Some shoppers will say it’s about time. But from what we saw in a limited sample during an outing on Saturday morning, at least one grocery store is responding to fierce competition that is only going to get more intense, to consumer concerns about rising food prices, and to accusations that kids are being enticed to eat too much junk.
First, rising prices. In October, former University of Guelph researcher Sylvain Charlebois, who stays connected to the university through its food institute, released a survey-based study showing nearly one-quarter of all Canadians were concerned about how they’re going to pay for their groceries.
Half of the respondents to his survey said they had changed their shopping habits because of fluctuating prices. Nearly 60 per cent said they’ve looked for deals on groceries and stock up on sale items.
The numbers point to Canadians’ belief that they already pay a lot for food, even though the amount of money we spend on food in this country is among the lowest of any nation in the world.
To me, if you have a family, you are always concerned about how you’re going to pay for groceries, you’re always looking for deals and you’re always stocking up. How else can you get by? I’m surprised the numbers weren’t higher. But, of course, not everyone buying food is doing so for a family.
Canadians' zeal for inexpensive food comes at a time when we and others are also happily paying more for high quality. Across the street from our house, we have one of the best family meat markets I’ve ever seen, Valeriote’s Market. I gladly pay a premium for their amazing products. You likely have our own favourite specialty shop. You don’t shop there daily, but when the occasion calls for the best, it’s your go-to store. Some goes for your local farmers’ market.
Price has given rise to some giants that are relatively new to Guelph. Costco comes to mind, along with the new Walmart. And from what we saw on our Saturday excursion, established chains such as Zehrs are both following suit and trying to one-up price choppers with service, variety and attention to food for health.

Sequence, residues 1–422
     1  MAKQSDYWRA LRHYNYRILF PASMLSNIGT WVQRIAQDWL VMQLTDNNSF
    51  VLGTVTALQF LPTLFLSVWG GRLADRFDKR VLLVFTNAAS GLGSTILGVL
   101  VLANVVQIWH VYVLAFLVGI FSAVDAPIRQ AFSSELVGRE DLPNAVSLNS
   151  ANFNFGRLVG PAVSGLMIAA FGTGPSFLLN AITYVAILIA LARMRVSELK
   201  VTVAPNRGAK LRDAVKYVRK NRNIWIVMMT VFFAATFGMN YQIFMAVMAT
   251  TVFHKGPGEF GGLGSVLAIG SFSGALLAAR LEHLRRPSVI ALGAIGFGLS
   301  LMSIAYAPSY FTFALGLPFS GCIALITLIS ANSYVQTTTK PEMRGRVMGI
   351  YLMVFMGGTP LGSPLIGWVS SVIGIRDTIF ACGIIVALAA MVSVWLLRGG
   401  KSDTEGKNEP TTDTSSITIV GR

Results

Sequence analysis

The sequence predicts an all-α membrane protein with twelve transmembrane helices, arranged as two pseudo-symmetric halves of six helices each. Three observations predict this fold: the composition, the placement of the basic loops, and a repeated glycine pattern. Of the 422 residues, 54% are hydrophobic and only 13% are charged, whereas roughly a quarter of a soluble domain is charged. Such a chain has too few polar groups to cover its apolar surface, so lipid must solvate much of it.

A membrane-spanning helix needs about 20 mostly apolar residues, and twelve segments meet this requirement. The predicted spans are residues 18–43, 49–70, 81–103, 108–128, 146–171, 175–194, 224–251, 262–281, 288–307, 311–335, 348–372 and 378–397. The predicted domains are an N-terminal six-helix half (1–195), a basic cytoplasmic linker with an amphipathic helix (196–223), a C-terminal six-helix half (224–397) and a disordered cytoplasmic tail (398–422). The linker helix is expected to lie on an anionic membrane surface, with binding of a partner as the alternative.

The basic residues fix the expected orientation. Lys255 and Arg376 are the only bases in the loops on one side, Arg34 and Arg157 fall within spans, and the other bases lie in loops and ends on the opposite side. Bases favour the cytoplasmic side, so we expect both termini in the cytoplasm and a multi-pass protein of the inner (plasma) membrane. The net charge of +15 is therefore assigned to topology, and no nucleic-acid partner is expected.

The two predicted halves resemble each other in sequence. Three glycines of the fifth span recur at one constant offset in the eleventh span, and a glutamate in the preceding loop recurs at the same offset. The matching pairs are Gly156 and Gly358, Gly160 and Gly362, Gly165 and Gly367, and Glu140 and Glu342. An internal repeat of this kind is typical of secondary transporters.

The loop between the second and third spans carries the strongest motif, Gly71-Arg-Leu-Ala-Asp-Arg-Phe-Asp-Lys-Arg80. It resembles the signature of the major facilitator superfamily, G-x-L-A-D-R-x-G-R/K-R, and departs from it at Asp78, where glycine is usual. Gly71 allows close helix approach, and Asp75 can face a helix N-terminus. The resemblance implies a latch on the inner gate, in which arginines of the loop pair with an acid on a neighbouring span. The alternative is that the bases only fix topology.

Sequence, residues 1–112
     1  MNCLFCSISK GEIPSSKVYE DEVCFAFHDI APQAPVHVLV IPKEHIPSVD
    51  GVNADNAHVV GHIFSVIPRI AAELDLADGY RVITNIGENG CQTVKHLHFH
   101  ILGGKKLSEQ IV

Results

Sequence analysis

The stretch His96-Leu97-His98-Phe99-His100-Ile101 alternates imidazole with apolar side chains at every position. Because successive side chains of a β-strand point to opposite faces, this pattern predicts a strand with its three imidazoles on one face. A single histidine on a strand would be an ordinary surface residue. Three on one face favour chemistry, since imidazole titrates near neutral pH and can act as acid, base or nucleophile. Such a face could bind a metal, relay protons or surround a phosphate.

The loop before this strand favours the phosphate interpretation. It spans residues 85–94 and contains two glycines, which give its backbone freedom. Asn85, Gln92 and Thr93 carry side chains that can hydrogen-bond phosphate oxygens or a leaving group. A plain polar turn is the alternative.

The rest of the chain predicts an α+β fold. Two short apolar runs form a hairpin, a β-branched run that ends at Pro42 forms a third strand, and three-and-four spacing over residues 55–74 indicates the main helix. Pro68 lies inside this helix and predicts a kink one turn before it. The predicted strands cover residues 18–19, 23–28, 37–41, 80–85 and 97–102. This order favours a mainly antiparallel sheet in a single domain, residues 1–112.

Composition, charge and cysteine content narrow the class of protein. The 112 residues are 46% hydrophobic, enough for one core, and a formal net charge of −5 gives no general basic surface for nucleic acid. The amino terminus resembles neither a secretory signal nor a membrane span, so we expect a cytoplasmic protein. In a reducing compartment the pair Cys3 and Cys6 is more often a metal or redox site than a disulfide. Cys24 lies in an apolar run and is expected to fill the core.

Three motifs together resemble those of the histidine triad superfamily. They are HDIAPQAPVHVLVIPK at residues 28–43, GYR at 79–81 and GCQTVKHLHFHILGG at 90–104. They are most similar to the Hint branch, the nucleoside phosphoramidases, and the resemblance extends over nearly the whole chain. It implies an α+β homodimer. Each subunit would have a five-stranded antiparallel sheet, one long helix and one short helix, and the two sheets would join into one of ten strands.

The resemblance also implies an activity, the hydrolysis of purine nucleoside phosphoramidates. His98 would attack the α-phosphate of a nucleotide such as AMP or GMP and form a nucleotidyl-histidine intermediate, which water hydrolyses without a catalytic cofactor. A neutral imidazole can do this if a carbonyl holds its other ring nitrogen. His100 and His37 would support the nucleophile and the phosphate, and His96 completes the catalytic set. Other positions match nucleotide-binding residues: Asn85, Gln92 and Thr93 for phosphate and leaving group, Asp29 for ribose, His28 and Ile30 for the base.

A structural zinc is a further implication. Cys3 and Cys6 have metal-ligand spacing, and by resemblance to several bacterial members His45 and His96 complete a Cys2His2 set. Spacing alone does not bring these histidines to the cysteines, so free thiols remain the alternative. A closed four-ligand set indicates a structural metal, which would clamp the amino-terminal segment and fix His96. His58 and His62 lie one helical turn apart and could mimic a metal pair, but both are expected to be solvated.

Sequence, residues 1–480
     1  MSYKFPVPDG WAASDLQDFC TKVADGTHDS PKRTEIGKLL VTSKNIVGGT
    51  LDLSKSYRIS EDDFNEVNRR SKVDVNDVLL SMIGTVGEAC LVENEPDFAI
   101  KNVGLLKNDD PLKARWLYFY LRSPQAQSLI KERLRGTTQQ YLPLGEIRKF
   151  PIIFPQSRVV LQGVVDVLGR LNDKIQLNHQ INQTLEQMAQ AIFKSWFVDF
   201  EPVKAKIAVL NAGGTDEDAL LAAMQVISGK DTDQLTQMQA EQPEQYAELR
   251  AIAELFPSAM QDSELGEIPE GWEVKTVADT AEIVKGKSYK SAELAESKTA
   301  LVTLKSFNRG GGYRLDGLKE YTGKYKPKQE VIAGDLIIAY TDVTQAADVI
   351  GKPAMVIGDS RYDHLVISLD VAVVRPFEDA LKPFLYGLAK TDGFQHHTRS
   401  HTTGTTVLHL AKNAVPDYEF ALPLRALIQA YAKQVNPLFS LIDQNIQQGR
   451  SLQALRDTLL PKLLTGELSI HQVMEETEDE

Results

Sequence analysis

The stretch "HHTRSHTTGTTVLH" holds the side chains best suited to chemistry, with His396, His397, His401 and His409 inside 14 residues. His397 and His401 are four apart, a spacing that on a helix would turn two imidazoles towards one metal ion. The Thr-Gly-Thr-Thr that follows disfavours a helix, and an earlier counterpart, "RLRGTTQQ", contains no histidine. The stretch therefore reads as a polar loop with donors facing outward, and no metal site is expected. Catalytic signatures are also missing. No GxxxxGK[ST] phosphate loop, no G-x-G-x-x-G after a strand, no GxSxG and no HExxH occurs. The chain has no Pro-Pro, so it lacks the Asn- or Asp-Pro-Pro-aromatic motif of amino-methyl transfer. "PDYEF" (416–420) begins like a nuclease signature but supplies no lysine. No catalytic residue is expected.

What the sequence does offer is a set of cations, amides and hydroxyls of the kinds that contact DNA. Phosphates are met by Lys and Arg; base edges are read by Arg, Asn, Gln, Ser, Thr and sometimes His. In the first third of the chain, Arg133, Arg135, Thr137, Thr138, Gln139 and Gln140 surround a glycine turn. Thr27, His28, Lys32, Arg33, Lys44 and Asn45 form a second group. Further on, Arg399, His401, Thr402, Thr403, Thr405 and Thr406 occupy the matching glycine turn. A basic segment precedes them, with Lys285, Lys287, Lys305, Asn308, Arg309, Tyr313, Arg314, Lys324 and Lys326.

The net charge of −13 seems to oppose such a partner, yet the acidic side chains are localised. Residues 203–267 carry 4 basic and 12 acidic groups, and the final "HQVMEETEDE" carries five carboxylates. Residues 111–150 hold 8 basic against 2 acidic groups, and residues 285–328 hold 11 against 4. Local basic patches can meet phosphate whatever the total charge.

Zehrs has an impressive commitment to nutrition. It employs 75 registered dietitians throughout southwestern Ontario, and I can only imagine it’s them who are behind the free-fruit-for-kids basket we saw at the Imperial Road store. What a great concept! And while it’s true that in general, fruit is expensive, so are lattes from Starbucks. It’s up to you how you’re going to spend your food dollars, and what kind of nutrition you’re going to get in return.
At the other end of the spectrum, I was surprised at the way Zehrs has waded into the volume business. On shelves everywhere, and I mean everywhere, was signage advertising volume discounts and teasers that set limits on how many you could buy. Buy two or three at a lower price, and the retailer makes about as much as it did if you bought one at the regular price. But at least you’re buying from them, not someone else.
In the spring, Longos will open a store in Guelph, across from a Food Basics, on the opposite side of the city from Costco and the Imperial Road Zehrs. Longos distinguishes itself with full-service, quality, with a particular emphasis on hot food and salads. But there’s still some overlap with almost all others.
What a fascinating, competitive time to be a grocery shopper. Maybe concerns about meeting grocery costs will be met by this competition. If you don’t find what you’re looking for at the price you want to pay, tell the manager, and see what happens. I sense that it’s a different era of responsibility towards consumers, a message the entire food chain, including farmers, needs to realize. Consumers feel entitled – they’re paying good money for food, and from their perspectives, more all the time, and they feel entitled to the best prices, the safest food, and an explanation of the 5ws and the H about whatever they’re buying.
Stores are catching on. At Zehrs, I saw what looked to be a manager approach a shopper who was scanning the produce section for something, and offer to help. I couldn’t believe it. At one time, you’d practically have to leap onto someone’s back or trip them as they raced by, to get their attention. Those days are gone. And if they’re not, the retailer will be.
The segmented marketplace adds to the richness of the landscape. Nourish Food Marketing says in a new report that brands pursuing elusive millennial consumers must focus on re-communicating the value - whether social or dietary - of their product. It’s no good to hold out something like “Newman’s Own” dressing anymore . . . a lot of millennials don’t even know who Paul Newman was.
“Younger consumers need to be told how it’s valuable to them, or they’ll simply view it as an artifact of an unexciting past,” says Nourish.
Good point. Food shopping was unexciting in the past. Today, it’s a lot more fun, and worth celebrating.